Lawsuit: Peter Nowak 'may have improperly profited from player transactions' as Philadelphia Union manager
According to documents recently filed as part of Peter Nowak's lawsuit against the Philadelphia Union, Peter Nowak "may have improperly profited from player transactions" involving "negotiating contracts for players in South America" while manager of the team.
Lawsuit: Peter Nowak 'may have improperly profited from player transactions' as Philadelphia Union manager
Jonathan Tannenwald, Philly.com
According to documents recently filed as part of Peter Nowak's lawsuit against the Philadelphia Union, Peter Nowak "may have improperly profited from player transactions" involving "contracts for players in South America" while manager of the team.
That allegation came to light as part of a series of motions filed by both sides' attorneys in the case, which is being adjudicated in U.S. District Court, Eastern District of Pennsylvania. The main question in the case right now is whether Nowak's complaint should be settled by an arbitrator or a federal judge.
But the procedural chess game isn't the big story. You want the juicy stuff, and there's plenty of it.
The newest accusation against Nowak came to light in a motion filed by Nowak's attorneys last week. The motion had to do with the arbitrator vs. judge question, but it also included this clause as part of a summary of facts in the case:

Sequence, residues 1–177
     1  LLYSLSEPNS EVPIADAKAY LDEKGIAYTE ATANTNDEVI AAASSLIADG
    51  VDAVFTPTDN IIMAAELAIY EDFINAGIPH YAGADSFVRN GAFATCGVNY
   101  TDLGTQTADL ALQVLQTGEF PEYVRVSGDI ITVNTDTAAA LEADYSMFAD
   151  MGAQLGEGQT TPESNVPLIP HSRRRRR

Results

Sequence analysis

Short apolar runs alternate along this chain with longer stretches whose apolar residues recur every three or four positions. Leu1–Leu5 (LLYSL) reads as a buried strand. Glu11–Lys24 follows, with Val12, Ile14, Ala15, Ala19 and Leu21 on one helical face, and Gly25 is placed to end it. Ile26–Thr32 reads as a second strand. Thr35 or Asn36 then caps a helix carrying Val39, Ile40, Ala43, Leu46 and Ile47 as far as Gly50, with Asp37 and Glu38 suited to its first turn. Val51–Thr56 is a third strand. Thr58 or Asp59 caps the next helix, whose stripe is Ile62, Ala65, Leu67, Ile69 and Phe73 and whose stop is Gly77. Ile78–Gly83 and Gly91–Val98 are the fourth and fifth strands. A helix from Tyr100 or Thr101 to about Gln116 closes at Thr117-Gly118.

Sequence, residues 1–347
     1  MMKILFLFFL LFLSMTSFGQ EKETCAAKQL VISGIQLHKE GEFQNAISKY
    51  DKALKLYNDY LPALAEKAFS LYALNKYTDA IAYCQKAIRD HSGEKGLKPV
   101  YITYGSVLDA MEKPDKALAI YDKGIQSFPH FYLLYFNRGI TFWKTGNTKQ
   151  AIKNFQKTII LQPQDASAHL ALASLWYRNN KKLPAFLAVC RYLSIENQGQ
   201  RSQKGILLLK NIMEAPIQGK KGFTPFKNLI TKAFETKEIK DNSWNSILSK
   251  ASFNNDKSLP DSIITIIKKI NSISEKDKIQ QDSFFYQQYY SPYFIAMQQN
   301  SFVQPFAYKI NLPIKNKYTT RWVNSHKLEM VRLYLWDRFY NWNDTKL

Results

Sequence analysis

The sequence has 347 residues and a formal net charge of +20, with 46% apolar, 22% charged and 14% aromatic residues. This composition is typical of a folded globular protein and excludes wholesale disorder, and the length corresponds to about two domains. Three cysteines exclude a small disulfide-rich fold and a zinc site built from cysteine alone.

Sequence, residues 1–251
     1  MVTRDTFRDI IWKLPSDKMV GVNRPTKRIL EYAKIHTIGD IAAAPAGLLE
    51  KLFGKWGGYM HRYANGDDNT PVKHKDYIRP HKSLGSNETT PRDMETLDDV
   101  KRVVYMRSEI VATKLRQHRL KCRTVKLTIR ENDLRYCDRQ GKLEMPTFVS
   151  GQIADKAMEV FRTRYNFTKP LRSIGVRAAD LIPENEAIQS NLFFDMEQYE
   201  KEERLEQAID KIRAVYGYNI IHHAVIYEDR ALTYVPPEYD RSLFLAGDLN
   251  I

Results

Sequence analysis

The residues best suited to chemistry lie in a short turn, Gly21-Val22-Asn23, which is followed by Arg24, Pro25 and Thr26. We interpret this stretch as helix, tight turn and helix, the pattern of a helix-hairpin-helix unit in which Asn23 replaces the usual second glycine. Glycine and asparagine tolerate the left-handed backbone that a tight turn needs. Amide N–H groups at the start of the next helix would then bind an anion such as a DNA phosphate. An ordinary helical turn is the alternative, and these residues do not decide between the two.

Counsel for Defendants stated that Mr. Nowak had engaged in "criminal and fraudulent" conduct.
Counsel for Defendants indicated that if Mr. Nowak refused to sign the Separation and Release Agreement, Mr. Nowak might be subject to a criminal complaint, but that if he did sign the document, those allegations would somehow disappear. A copy of the communication between counsel regarding this matter is attached as Exhibit A.
The exhibit in question is a chain of e-mails between the two sides. The first use of the phrase "criminal and fraudulent" is seen in an e-mail from Nowak's lead attorney, Clifford Haines, to Harris R. Eisenberg, a colleague of Union attorney Julie L. Gottshal.
Haines is based in Philadelphia and works for Haines and Associates; Eisenberg and Gottshal are based in Chicago and work for Katten Muchin Rosenman LLP.
Here's what that e-mail, dated July 18, 2012, says:
In order to advise my client properly, I need to know the specifics of "criminal and fraudulent" acts you told me your client had uncovered regarding Piotr Nowak. Despite the incendiary nature of the claim, we need to know precisely what your client says our client did.